Source FIA Foundation
The wild ride for the car industry continues as the shape of the industry changes rapidly, with time lines for change that normally might take decades being compressed dramatically. Tesla (NASDAQ:TSLA) has led the charge to challenge the dominance of ICE (Internal Combustion Engine) cars with preorders for 400,000 of its Model 3 EV, with GM (NYSE:GM) and Volkswagen (OTCPK:VLKPY) not far behind with release of cost competitive EVs. And of course everyone is chasing BYD's (OTCPK:BYDDY) dominant position with EVs in China.
As often happens in times of change, new threats are coming from least expected quarters. Volkswagen experienced a disaster when news of altered diesel emissions became public. This led to 500,000 diesel cars being recalled and the company has budgeted $23 billion to address the issue. However it is becoming clear, especially in the light of a dramatic development in moves to reduce greenhouse gas emissions, that what started as a disaster for Volkswagen is spreading to be an industry-wide problem.
Here I make some comments about how car companies are dealing with the issue of emissions and fuel economy, and how this has the potential for both near term and long term challenge to car companies that don't have plans to develop EVs.
Test figures versus the real world
I've always taken fuel efficiency figures with skepticism as there can be a huge difference between real world and highly contrived conditions. The problem today is that problems get magnified and righteous indignation is rife. In the past the difference between your own experience and what is claimed for your vehicle's fuel efficiency was tolerated. In today's "when you are hot you are hot and when you are not you are not" world, any misrepresentation will be taken as malicious. This can have dramatic results for a company's share price.
Look no further than the disaster currently confronting Mitsubishi (OTCPK:MMTOF) in Japan. Mitsubishi admitted that it manipulated fuel economy tests deliberately; these results affect 625,000 vehicles. Its share price has crashed precipitously from above 800 yen through April down to 504 yen at recent close.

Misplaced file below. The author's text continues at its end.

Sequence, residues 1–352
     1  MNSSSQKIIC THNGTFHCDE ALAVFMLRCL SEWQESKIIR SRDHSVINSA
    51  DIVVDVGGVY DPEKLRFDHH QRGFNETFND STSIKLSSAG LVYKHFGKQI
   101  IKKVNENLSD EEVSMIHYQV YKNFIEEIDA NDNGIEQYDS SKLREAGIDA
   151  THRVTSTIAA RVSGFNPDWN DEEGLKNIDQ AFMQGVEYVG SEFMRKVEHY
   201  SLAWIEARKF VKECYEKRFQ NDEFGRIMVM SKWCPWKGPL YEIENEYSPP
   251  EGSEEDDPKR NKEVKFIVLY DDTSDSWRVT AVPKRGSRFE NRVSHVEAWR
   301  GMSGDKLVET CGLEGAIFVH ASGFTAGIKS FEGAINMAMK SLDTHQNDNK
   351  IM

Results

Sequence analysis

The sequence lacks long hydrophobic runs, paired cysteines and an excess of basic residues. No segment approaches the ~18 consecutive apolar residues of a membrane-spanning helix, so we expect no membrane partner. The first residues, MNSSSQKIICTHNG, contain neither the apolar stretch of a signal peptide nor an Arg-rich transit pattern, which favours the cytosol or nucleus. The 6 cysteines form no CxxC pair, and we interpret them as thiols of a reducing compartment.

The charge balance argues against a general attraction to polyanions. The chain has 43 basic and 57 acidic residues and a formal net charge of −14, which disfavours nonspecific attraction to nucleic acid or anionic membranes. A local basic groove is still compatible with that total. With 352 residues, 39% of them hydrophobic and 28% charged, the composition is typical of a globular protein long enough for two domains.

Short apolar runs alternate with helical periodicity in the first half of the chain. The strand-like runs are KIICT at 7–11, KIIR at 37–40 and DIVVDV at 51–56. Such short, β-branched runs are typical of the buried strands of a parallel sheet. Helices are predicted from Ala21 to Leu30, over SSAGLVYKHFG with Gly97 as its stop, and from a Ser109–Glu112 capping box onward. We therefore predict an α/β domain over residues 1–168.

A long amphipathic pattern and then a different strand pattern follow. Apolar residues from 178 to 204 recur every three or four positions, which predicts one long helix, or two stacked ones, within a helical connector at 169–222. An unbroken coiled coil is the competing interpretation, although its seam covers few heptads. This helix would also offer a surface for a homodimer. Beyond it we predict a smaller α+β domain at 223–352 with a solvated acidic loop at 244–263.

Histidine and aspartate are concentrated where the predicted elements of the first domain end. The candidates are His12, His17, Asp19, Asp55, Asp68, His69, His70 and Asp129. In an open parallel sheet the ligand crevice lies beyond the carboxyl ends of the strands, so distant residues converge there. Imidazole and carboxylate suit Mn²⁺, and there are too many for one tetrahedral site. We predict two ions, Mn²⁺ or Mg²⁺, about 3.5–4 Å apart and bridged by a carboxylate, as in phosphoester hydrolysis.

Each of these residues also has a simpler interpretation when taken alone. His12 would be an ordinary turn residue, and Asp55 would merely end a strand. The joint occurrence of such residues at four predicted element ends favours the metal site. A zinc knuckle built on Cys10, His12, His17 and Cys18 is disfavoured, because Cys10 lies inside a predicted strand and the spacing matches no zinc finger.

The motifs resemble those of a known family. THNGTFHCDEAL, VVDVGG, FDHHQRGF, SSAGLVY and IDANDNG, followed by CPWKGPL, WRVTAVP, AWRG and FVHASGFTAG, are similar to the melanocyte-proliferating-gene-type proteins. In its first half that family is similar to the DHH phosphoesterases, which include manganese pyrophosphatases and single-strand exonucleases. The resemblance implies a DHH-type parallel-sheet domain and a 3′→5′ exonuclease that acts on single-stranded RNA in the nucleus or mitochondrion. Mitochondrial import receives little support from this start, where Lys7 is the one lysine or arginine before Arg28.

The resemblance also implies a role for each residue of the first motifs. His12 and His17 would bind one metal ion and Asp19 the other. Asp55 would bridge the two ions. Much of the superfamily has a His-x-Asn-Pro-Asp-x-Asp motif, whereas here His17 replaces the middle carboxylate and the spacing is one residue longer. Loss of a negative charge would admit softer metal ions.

It looks like Daimler (OTCPK:DDAIF) might be the next company drawn into the scandal. While I don't expect that US carmakers will experience such catastrophic falls as Mitsubishi has experienced, the coming weeks could be challenging. This is an industry wide problem.
Regulators getting serious on emissions
So far this discussion has been about fuel efficiency and noxious diesel emissions. It is clear that it isn't going to be limited to these areas as the focus on controlling CO2 emissions starts to get serious. With four countries (Norway, India, Austria and the Netherlands) now contemplating banning sales of ICE cars within 10-15 years (well Austria potentially within 4 years!!), one begins to get a sense of the importance and urgency of the need to reduce emissions. China is studying California's zero emissions vehicle program, with a view to implementing a similar system in 2020 to mandate sale of EVs and plug in hybrids.
Which countries are leading the charge to reduce emissions? Europe and California have advanced programs. Perhaps because China has such massive pollution problems, it is aggressively tightening its emissions standards and will introduce next year in major cities such as Beijing and Shanghai, (with implementation across the country in 2018), standards similar to current European standards. This brings forward standards that were anticipated to be implemented in 2020. China is also addressing emissions standards in farming villages to address agricultural pollution by 2017.
Ford (NYSE:F) CEO Mark Fields was reported as saying on the weekend "The regulatory environment around the world is becoming more and more strict, particularly on things like greenhouse gases and fuel economy". This indicates that the cat is out of the bag on this issue.
I've written several articles recently where I suggest that the complacency of the oil industry about ICE cars is ill-founded. The oil industry sees domination of ICE cars not changing even in 20 years time. This contrasts with the emergence of the EV; significant segments of the auto industry are engaged to exit ICE cars.
Now there is intensive scrutiny emerging on claims of fraud about fuel efficiency and emissions of ICE cars. This could not have come at a worse time for ICE manufacturers.
I suggest that investors in traditional car companies, who don't have well advanced EV programs, should carefully monitor their investments. It is possible that in the US short term issues as experienced by Mitsubishi could occur. These are dangerous for short term stock price decline. There is also a long term trend emerging here… and long term trends are being compressed.
Disclosure: I/we have no positions in any stocks mentioned, and no plans to initiate any positions within the next 72 hours.
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